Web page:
I’m not too worried about the bills just yet. I only work part time and it’s mainly just spending money. Otherwise, I’m a stay at home mom who pays minimal rent in exchange for keeping my grandfather’s house clean and do repairs. I’m extremely lucky compared to many others. He’s 87 and insanely diabetic. A huge risk for this illness.
I have no great urge to travel to and from work every day on the petri dish they call the bus and bring him COVID-19 to him.
“Has anything like this every happened to you guys?” I asked my mom, who had me on speaker phone so my dad could hear me, too.
“It’s a first for us, too,” my mom said.
My boss called me later that evening and told me that Wolf’s message wasn’t clear on a local level. We would still be opening to the public in the morning, and I would get to go to work. He said he’s posted on our Facebook page that morning, but it may be void. They were still trying to figure it out. If we were closing, it would be to the public only, but the senior staff members would still be on site for email orders, phone, and website orders. They would be working in shorter shifts.
My boss called me later that night to tell me they were officially closed to the public, and he’d drafted another statement for the Facebook page. I was officially off work for two weeks, like many other Americans. It sucked for losing the money, but the money was not worth the potential to carry the illness back to my grandfather or four year old. Just because I would be fine doesn’t mean those I care about would be. My dad is diabetic, too. A lot of my family is.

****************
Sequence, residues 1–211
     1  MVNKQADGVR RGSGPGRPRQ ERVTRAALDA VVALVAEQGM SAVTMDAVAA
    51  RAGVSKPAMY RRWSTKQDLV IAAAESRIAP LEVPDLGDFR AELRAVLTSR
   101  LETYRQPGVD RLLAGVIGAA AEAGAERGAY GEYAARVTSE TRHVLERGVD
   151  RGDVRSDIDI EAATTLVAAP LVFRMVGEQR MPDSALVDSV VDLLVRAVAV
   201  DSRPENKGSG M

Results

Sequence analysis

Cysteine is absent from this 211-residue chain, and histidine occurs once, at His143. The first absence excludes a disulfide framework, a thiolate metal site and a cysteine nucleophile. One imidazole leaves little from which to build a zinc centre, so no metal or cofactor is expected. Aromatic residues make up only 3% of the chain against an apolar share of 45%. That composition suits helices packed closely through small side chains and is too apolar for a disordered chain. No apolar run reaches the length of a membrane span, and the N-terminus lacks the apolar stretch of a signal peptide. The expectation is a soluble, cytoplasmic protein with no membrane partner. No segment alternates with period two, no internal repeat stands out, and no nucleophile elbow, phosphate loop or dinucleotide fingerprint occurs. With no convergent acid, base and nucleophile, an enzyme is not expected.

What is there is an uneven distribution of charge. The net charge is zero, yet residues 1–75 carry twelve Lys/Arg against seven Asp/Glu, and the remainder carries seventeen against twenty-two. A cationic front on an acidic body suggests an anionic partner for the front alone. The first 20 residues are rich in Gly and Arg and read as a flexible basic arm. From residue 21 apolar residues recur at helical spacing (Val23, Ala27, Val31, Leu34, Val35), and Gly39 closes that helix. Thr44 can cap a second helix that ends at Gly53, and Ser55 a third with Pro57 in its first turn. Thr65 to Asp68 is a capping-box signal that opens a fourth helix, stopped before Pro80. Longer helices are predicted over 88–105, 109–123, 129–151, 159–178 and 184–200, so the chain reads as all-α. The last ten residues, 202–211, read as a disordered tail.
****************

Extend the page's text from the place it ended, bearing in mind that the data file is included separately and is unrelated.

I’ve seen a number of theories regarding COVID-19. Some present facts, some are conspiracy theories.
No matter what theory you believe, the one thing we can all agree on is we are in unprecedented times. The first for many of us. No matter the outcome of all of this, many of us will not forget what has happened. How it has affected us. For some, it will affect our lives more than others. For now, this could be the beginning. The beginning of something greater. Or, this could be the means to the end of COVID-19 and life will go on as normal after the shut downs are lifted. Time will tell.
Check on your neighbors to make sure they are surviving. Call your family. Practice social distance. Wash your hands even when this is over. Be safe, my friends.